Mozilla has released version 1.0 of L20n, an open source, localisation-specific scripting language.
The Chromium team announced back in August that Google is no longer working on implementing Pointer Events in Chrome in order to focus on Touch Events. Now they have given control to the Pointer Events polyfill library to jQuery which is hoping to “drive developer adoption of this unified event system” and eventually see “all browsers implement this standard natively.”
Ember.js has released version 1.9, bringing with it support for Handlebars 2.0, as well as performance improvements, and the introduction of HTMLBars into the Ember 1.10 beta.
Google has announced AngularJS 1.4 and their plans for 2015 on the 1.X branch. New features and bug fixes will come to AngularJS 1.4 and 1.5 while development on 2.0 continues in parallel.
Google has released version 1.8 of Dart, bringing with it experimental support for enums. InfoQ sat down with developer advocate Seth Ladd to get more information about the feature, and the latest info on the Dart project.
Io.js officially launched this week. A GitHub fork of joyent/node where contributions, releases, and contributorship are under an open governance model, plans its first release for January 2015. With some core members of the Node.js community dissatisfied with Joyent's Advisory board, and by Node's lack of releases, core team member Fedor Indutny set up io.js.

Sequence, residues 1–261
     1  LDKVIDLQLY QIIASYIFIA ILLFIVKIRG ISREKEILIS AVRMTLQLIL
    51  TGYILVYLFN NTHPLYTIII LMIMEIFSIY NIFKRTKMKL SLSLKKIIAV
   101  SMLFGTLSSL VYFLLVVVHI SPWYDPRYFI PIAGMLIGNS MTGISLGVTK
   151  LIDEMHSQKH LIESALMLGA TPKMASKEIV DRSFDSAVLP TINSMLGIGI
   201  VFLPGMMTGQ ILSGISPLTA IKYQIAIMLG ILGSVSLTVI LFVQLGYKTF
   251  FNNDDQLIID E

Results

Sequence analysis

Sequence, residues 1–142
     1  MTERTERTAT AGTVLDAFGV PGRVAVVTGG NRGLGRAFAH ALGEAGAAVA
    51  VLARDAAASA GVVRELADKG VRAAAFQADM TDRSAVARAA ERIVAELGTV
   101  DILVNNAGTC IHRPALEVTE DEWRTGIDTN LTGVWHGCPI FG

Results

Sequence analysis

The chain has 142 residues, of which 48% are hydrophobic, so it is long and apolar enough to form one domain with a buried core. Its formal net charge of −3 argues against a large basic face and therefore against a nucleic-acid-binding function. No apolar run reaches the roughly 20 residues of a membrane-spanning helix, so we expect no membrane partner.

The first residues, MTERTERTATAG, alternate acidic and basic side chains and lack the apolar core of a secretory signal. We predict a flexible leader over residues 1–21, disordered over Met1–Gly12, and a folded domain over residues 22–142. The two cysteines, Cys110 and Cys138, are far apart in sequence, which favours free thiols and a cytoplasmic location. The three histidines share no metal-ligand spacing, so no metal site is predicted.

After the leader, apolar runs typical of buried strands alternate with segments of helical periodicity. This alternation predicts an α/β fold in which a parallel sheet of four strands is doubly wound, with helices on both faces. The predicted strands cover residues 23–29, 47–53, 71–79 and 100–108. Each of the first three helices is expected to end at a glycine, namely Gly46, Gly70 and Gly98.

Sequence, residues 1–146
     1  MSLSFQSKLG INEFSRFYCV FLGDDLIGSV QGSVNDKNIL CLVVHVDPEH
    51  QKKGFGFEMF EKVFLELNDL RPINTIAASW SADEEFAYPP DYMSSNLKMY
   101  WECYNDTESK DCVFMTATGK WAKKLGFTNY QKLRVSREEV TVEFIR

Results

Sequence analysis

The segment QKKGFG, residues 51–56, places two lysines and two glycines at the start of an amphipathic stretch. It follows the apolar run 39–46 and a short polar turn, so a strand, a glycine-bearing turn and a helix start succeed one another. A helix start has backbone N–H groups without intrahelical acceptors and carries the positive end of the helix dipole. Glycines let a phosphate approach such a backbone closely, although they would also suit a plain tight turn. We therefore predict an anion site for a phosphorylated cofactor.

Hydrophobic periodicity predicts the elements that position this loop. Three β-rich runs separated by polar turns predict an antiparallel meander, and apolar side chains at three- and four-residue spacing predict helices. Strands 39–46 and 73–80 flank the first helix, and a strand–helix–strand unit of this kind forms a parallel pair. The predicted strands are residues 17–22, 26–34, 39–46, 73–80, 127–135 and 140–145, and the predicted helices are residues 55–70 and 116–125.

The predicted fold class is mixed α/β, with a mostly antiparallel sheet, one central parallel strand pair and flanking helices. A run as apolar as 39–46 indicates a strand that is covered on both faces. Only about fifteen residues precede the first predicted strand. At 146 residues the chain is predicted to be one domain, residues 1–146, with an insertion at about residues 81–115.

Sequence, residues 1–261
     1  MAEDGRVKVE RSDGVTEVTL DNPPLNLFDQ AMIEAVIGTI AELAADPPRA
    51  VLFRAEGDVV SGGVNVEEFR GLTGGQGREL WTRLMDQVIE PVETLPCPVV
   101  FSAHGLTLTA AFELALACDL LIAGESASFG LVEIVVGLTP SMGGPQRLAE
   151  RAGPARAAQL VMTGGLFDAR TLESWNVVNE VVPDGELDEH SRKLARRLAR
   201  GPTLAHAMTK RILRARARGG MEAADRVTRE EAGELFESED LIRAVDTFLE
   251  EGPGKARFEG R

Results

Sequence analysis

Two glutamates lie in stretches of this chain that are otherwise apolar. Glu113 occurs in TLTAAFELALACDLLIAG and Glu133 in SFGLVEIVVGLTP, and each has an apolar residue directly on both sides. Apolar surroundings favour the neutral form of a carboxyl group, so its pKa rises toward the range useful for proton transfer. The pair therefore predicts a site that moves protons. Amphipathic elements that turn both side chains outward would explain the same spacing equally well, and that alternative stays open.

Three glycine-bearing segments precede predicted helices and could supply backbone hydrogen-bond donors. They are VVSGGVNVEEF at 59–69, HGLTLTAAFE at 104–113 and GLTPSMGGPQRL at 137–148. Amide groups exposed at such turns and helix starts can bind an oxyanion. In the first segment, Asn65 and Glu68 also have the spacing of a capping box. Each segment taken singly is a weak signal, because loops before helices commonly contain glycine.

Yunong Xiao, a Software Engineer at Netflix, recently wrote in the company's official tech blog about the latency problems that his team faced while working to move Netflix website UI to Node.js. In the post, he described the complex engineering process used to find out the root cause and how it lead to the decision of substituting the underlying API framework.
The service worker browser feature holds promise for developers looking to make their web apps feel more like native apps. Running in the background and without user interaction, service workers enable advanced scenarios such as offline functionality, cache, background sync, geofencing, and push notifications.
Mozilla has this week released Firefox 34, with notable features including SSLv3 disabled by default, WebIDE, and the implementation of ECMAScript 6 WeakSet.